People are living longer. For every 20 years of future life you can now add around one year in longevity. That’s great news for all of us – who doesn’t like that 60 is the new 40?

Thanks to advances in medical science and a steady rise in living conditions, The United Nations reports trends indicate that, on average, most people are now expected to live into their 70s and, in some countries, well beyond into their late 80’s[1]. The pace at which the population is ageing is especially remarkable. Projections by the World Health Organisation (WHO) indicate that the world’s population aged 60 years and older will total 2 billion by 2050, which is more than double the count of 2015. The number of those aged 80 years and older worldwide, currently
125 million, will be expected to triple to 434 million by 2050[2].

Such drastic shifts in the age demographics has given rise to a myriad of major health and societal challenges facing not only economically developed countries, but economically developing nations also.

As we live longer, the associated rise in the age dependency ratio creates
fiscal issues for Government Treasuries, and places greater funding pressures on already burdened health systems, pension systems, and aged care systems.

So what is the dependency ratio?

Simply put, the dependency ratio is an age-population ratio that measures the size of the population who are not typically in the labor force (% of people 65 or over), against those who are typically in the labor force (% of people 15 to 65). It is used to measure the pressure on the ‘productive’ population.

A high dependency ratio indicates a greater funding burden on the working population, as it is assumed that this economically active proportion of society will need to provide for the health, pension, and
social security benefits of the non-working population, either through direct family support or indirectly through taxation. According to figures released in an OECD report (2017)[3]:-

·     Globally, in 1980 there were 20 people aged 65 or older for every 100 people of working age;

·      By 2015 this had increased to 28 people aged 65 or older for every 100 people of working age;

·      Project forward another 35 years, the ratio is expected to be 53 to 100 in 2050.

In Australia the dependency ratio was reported as 54.04 % in 2022, according to the World Bank and has been steadily increasing. 

With the trend toward a diminishing future tax-payer base showing little signs of slowing, and the average life expectancy continuing to rise, it is crucial Governments plan accordingly for the pressure of slowing GDP growth and labour supply, as well as the major fiscal burdens associated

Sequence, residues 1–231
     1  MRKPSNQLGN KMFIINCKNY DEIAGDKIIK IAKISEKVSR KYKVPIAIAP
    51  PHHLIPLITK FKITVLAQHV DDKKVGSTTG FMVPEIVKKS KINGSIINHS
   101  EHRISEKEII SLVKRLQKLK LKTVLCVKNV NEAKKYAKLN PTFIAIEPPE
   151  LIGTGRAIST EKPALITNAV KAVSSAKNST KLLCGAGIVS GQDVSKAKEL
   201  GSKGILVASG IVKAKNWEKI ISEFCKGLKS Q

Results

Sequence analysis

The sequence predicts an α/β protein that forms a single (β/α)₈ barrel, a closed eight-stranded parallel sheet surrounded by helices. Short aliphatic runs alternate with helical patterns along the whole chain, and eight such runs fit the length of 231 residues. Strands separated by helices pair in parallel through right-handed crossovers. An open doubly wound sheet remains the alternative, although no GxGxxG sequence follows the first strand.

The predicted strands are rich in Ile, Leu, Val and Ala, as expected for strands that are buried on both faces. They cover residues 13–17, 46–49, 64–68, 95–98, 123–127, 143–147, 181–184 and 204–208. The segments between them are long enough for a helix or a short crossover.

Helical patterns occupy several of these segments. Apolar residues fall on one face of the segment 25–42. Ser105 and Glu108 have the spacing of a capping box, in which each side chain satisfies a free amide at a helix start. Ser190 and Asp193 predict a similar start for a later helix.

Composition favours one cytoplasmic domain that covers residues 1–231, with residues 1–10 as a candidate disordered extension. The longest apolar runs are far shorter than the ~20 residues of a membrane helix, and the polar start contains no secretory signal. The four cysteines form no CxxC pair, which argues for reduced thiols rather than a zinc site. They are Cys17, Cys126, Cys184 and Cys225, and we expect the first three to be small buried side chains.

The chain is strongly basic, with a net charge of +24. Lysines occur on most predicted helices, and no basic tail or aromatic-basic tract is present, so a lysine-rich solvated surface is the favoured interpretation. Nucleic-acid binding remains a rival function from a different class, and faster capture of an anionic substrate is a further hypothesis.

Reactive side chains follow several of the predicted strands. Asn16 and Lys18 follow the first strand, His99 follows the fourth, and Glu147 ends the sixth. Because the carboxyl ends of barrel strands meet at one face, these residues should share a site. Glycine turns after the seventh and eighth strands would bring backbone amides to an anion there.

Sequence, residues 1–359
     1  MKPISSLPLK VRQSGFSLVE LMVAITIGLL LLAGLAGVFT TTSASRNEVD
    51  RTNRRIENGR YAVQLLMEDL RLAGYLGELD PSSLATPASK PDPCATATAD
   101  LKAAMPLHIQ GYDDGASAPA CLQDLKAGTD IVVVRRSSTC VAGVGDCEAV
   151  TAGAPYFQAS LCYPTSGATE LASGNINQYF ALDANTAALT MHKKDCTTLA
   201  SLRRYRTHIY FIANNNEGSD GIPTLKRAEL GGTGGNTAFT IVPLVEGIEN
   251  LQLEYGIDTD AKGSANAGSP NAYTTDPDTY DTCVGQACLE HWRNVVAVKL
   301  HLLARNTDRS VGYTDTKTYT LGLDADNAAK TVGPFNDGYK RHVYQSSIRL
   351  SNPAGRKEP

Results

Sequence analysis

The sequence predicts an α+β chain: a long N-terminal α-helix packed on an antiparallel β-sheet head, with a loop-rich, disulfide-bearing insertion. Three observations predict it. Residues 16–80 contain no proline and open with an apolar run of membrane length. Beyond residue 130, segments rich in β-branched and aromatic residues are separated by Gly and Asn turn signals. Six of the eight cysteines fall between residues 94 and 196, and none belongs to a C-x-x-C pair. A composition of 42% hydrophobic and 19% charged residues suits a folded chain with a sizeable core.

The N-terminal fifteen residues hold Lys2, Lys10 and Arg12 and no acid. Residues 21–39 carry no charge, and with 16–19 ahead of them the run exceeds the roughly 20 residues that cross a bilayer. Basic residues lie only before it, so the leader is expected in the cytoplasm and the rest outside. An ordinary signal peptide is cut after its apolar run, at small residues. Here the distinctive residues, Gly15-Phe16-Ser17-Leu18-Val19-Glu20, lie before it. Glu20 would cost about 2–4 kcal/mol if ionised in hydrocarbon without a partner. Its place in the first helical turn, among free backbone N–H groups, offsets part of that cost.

with the public pension systems. For retirees (whether asset rich and
self-funded, or reliant to some degree on Government support) these projections are extremely unsettling.  At a personal level, it indicates an almost inevitable deterioration to the expected quality of life in retirement stage, as a direct consequence.

Living longer does not necessarily mean living better

Increasingly retirees feel the burden to find the means, one way or another, to finance longer retirement plans or quality aged care through their own personal retirement income. For many the solution may be to continue working (full or part-time) past the pension age – an especially difficult task for individuals in labour-intensive jobs. For others,
it may mean downsizing and selling off assets like the family home – a
significant decision which not only diminishes family wealth and drives
intergenerational inequality, but often times may not be the most
financially-sound decision in long term retirement planning.   

At Futureproof we believe that these, and other existing options, act as merely band-aid solutions to a very deep-rooted problem. Not only are they disadvantageous for retirees and their families, but they fail to address the underlying problems of a rising dependency ratio and serve
to deepen the fiscal time-bomb facing Governments and future generations.

In response, our soon-to-be-launched Equity Preservation Mortgage has been created to provide a sustainable means for existing retirees, and subsequent generations of retirees, to harness their own private
wealth to fund their retirement needs and aged-care expenses, whilst simultaneously minimizing the reliance on a government-funded safety net.

“We recognise that the last remaining untouched asset class that has sufficient depth of capital to make a much-needed and significant impact on this wicked problem – is home capital”, commented John Innes, Director and Co-founder  of Futureproof.

By allowing individuals to take out a new fiscally responsible mortgage that monetizes capital tied up in the family home (or investment property), without any depletion of its equity – all tax free – retirees
will be able to monetize up to 80% of their equity into home capital to create new financial assets managed by their partner financial institution, leaving home ownership, property appreciation and all home wealth, intact.

This opens up the last asset class, creating an entirely new pool of capital able to then be deployed by retirees as needed, while simultaneously avoiding the looming funding crisis faced by Governments worldwide.

Futureproof’s Equity Preservation Mortgage™ is a game-changing financial innovation providing the means to self-fund their
retirement at every life stage.  For retirees it means, removing risk and uncertainty to give them the freedom and security to enjoy their well-earned retirement – whether that be for 5, 10 or 20 years longer than expected!



[3] OECD (2017), Preventing
Ageing Unequally,
OECD Publishing, Paris.